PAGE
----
Microsoft Office for Android will require Office 365 subscription


If you’ve been patiently awaiting the arrival of Microsoft Office for Android, you’re not alone — we’re curious to see how Microsoft treats its Office suite on competing platforms. While we’ve known about its early 2013 launch since, well, almost forever, The Verge’s news that it’s coming in the first quarter of the year is nothing shocking or surprising.

The outlet did get a few details on how things would be carried out from a licensing standpoint, though. According to its sources, Microsoft Office for Android (and iOS, we imagine) will require an Office 365 subscription to get the most out of the suite of tools. With it, you’ll be able to both view and edit documents on the go.

For those just wanting to view documents you do need a Microsoft account but those are free and easy enough to sign up for. We’re told not to expect nearly the same deep level of editing that you can get on the desktop suites, and that’s fine — we weren’t expecting much to begin with.

But you have to wonder whether or not the official suite will be enough to make current third party options seem useless. I got a full editing suite from a Google Play Store sale for $.25, and it does just fine for me.

Even at the typical prices of $10 and $15 we usually see these apps go for, that’s a one time fee. We’re not sure if Microsoft is planning to introduce a new tier for its mobile apps, but for comparison purposes the current cheapest plan costs $4 per month, which amounts to $48 per year.

We won’t know what, exactly, the software giant will end up doing until we inch closer to that Q1 2013, but these early details aren’t leaving the best taste in my mouth. Anyone else not feeling the love from Microsoft or are you just happy to see that the company is supporting Android at all?

Quentyn Kennemer
The "Google Phone" sounded too awesome to pass up, so I bought a G1. The rest is history. And yes, I know my name isn't Wilson.

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  1. Just hoping for the $0.25 sale to come again for the android office apps and probably won’t need Microsoft office unless they go all the way and make their documents incompatible with other apps.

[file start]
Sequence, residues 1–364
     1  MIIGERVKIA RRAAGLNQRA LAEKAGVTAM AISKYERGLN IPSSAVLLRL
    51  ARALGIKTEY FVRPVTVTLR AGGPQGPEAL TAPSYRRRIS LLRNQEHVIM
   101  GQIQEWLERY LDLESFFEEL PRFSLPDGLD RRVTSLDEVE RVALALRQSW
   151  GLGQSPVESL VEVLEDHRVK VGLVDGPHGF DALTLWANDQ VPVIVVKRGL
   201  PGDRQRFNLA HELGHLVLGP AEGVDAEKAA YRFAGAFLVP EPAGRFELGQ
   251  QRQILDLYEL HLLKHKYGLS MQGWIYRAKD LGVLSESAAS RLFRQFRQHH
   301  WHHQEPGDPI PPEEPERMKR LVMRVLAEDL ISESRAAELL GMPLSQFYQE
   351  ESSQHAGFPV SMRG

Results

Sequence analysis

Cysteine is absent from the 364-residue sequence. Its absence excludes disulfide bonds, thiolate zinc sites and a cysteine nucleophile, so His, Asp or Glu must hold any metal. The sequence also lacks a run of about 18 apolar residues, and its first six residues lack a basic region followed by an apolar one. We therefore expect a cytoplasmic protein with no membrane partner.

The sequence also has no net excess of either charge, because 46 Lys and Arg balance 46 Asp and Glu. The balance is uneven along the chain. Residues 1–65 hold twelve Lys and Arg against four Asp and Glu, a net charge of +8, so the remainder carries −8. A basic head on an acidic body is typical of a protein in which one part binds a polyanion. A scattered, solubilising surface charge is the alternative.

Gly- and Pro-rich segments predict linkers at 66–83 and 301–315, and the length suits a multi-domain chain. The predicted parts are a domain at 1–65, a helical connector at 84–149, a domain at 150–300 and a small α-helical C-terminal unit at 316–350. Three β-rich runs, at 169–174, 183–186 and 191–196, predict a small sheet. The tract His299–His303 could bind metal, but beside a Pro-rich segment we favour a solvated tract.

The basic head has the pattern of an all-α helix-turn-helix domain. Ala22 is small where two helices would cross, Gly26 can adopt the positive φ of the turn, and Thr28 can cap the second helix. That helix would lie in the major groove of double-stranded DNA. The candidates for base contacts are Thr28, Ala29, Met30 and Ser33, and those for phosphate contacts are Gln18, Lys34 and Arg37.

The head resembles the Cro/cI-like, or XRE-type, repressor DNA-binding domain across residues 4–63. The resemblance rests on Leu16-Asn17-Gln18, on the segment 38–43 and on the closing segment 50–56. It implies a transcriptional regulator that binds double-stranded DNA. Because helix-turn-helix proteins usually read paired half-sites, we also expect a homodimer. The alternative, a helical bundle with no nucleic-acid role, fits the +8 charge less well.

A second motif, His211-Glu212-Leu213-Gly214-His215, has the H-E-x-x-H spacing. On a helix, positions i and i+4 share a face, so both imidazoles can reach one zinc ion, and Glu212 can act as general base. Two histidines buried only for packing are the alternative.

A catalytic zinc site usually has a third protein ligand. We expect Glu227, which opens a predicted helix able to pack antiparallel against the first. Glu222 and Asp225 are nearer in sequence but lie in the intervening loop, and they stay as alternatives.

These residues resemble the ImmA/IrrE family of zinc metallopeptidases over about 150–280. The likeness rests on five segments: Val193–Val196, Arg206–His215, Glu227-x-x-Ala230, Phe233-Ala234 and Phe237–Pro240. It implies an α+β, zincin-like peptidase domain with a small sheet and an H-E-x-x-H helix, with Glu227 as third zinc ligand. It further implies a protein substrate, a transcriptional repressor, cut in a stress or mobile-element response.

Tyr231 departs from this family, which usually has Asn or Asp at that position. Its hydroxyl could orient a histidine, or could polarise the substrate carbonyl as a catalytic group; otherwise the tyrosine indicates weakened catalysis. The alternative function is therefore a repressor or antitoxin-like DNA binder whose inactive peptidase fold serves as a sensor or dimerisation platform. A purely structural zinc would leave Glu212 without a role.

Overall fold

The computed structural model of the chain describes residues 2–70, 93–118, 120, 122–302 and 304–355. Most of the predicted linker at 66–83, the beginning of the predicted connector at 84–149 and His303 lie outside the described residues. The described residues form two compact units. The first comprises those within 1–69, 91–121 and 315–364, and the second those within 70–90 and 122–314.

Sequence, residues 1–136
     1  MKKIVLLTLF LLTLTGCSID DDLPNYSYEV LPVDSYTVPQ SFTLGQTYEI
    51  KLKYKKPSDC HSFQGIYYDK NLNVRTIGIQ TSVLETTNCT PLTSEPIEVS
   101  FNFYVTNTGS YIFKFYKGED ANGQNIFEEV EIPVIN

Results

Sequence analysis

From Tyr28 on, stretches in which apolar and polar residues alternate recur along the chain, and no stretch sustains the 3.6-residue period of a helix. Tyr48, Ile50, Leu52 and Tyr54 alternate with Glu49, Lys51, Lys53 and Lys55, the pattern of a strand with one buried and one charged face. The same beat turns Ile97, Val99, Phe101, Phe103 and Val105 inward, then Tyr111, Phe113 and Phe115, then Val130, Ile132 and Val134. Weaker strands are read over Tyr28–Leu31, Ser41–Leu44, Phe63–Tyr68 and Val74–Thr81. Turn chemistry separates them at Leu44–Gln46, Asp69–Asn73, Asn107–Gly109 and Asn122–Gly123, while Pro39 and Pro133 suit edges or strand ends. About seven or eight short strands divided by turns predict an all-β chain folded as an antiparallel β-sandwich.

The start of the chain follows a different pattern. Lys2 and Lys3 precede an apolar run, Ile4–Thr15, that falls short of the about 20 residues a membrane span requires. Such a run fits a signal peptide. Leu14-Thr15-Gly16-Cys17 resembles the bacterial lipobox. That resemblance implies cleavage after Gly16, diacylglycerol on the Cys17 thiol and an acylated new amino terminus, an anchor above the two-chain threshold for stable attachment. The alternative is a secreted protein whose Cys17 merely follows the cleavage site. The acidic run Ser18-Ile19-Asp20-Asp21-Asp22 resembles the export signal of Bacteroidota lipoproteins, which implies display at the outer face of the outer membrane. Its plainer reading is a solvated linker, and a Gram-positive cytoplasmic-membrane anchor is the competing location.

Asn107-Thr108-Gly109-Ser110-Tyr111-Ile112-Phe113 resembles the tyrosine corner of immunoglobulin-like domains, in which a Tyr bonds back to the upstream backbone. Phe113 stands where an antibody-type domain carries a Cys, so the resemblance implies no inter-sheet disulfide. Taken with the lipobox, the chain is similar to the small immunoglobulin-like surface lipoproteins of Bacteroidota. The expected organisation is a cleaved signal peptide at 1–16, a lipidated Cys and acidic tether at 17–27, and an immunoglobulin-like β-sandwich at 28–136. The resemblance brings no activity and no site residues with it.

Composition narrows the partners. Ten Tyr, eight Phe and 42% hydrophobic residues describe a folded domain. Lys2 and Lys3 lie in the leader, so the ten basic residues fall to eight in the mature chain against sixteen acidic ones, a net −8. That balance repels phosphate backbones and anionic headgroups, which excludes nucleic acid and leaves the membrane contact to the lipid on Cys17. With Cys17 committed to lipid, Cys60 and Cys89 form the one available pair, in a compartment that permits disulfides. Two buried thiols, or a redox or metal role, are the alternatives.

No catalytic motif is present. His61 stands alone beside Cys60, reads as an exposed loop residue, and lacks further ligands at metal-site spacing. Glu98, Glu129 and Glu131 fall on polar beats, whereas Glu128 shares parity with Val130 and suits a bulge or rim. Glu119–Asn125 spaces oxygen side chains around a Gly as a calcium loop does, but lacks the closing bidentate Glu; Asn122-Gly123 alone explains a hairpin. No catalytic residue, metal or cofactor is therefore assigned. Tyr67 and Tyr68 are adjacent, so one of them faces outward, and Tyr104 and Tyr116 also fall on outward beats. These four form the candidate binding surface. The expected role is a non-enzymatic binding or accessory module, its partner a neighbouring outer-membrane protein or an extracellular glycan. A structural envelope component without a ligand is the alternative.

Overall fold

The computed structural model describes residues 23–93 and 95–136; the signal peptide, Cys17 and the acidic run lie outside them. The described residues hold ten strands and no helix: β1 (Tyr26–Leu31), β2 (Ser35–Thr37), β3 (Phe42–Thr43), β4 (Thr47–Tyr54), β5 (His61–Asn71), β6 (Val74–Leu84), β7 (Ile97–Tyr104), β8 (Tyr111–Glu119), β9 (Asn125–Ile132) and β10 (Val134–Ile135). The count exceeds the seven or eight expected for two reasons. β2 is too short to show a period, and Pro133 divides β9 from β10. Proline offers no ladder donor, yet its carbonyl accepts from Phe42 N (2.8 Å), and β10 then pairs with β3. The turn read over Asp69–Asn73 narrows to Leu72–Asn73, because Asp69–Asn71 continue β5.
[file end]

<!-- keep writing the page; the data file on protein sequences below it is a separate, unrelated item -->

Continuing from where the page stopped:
1. Keep an eye on the Amazon App Store, they will have free office apps every so often. That is how I got mine free.

    2. Another $0.25 sale would be sweet, but even without that I’d rather pay full price for one of the decent editing suites currently in the market than jump into Microsoft’s leechware option.

      BTW there’s no way MS would make their documents incompatible with other apps. Seeing how doc, docx, xps, xpsx, etc. are already established and supported by 3rd party editors, that ship has already sailed. If Office for Android were to rely on a new, closed proprietary format it would be D.O.A..

  2. I think microsoft is shooting themselves in the foot here. Google Drive is quickly closing the gap and its free…

    1. Not to mention it will probably be fully integrated with Quick Office by next Google I/O. If Microsoft doesn’t actually want market share on Android, why did they even bother porting it?

    2. I have yet to find a good app that understands animations from a .ppt or .pptx in presentation mode or even in editing mode. I have several “premium” document services like Quick Office Pro, Documents to Go Full and Office Suite Pro 6…..they claim to do animations, but they don’t really. I’d use that for presentations off my tablet in an instant instead of lugging around my laptop all the time. That said, I’m not going to pay $50 a year for an official MS application for Android. $10 once? yes. $20 once? maybe

      1. Powerpoint is the devil. I’m sorry you have to use such an atrocity.